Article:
In a sense, the valence electrons of fluorine are held tighter than the valence electrons of lithium. This periodic trend in effective nuclear charge has important implications for many elemental properties such as atomic sizes, binding energies, and ionization energies.

## Review

Okay, let’s review what we’ve learned! Understanding effective nuclear charge is important because it correlates well with many of the periodic trends in element properties. The effective nuclear charge is the net positive charge experienced by an electron in a multi-electron atom and is always lower than the actual nuclear charge of the atom.

The actual nuclear charge is equal to the number of protons in the atom’s nucleus. The effective nuclear charge is lower than the actual nuclear charge because it accounts for the electron shielding effect. Electron shielding results from core electrons effectively blocking the outer valence electrons from the attractive force of the atomic nucleus.

### Review Questions

Okay, before we go, let’s go over a few review questions.

1. Using the formula for effective nuclear charge, $$Z_{eff} = Z – S$$ (where $$Z$$ is the number of protons and $$S$$ is the number of core electrons), calculate the effective nuclear charge for the valence electrons of silicon.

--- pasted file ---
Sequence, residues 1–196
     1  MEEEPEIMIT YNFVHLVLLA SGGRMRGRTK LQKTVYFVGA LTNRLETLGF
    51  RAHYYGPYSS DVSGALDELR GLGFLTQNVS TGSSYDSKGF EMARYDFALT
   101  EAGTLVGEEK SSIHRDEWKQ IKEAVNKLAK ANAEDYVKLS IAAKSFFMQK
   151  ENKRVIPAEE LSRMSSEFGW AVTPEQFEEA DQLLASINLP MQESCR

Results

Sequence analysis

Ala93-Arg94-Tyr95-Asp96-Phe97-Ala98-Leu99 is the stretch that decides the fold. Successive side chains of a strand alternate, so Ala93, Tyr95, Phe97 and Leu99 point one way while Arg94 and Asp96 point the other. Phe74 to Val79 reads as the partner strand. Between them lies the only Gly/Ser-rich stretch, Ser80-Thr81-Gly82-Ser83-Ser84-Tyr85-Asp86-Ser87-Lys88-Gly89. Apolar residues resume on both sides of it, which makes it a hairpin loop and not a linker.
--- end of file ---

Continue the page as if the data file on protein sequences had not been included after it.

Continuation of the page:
Silicon has 14 protons and 10 core electrons. Therefore, the effective nuclear charge for the valence electrons is 4.

2. Moving from left to right across a row in the periodic table, why do atoms become progressively smaller?

The effective nuclear charge for valence electrons increases from left to right across a row in the periodic table. This is because the number of protons in atomic nuclei increases across a row. This increases the attractive force on the outer valence electrons of an atom, resulting in these outer electrons being pulled more tightly toward the nucleus, thus lessening the diameter of the atom.

3. Why is the effective nuclear charge always lower than the actual nuclear charge, which is the number of protons in the atomic nucleus?

The effective nuclear charge is lower than the actual nuclear charge because it accounts for the electron shielding effect that results from inner, or core, electrons shielding the outer valence electrons from the attractive force of the atomic nucleus.

All right, that’s all for this video. Thanks for watching, and happy studying!

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by Mometrix Test Preparation | Last Updated: June 27, 2024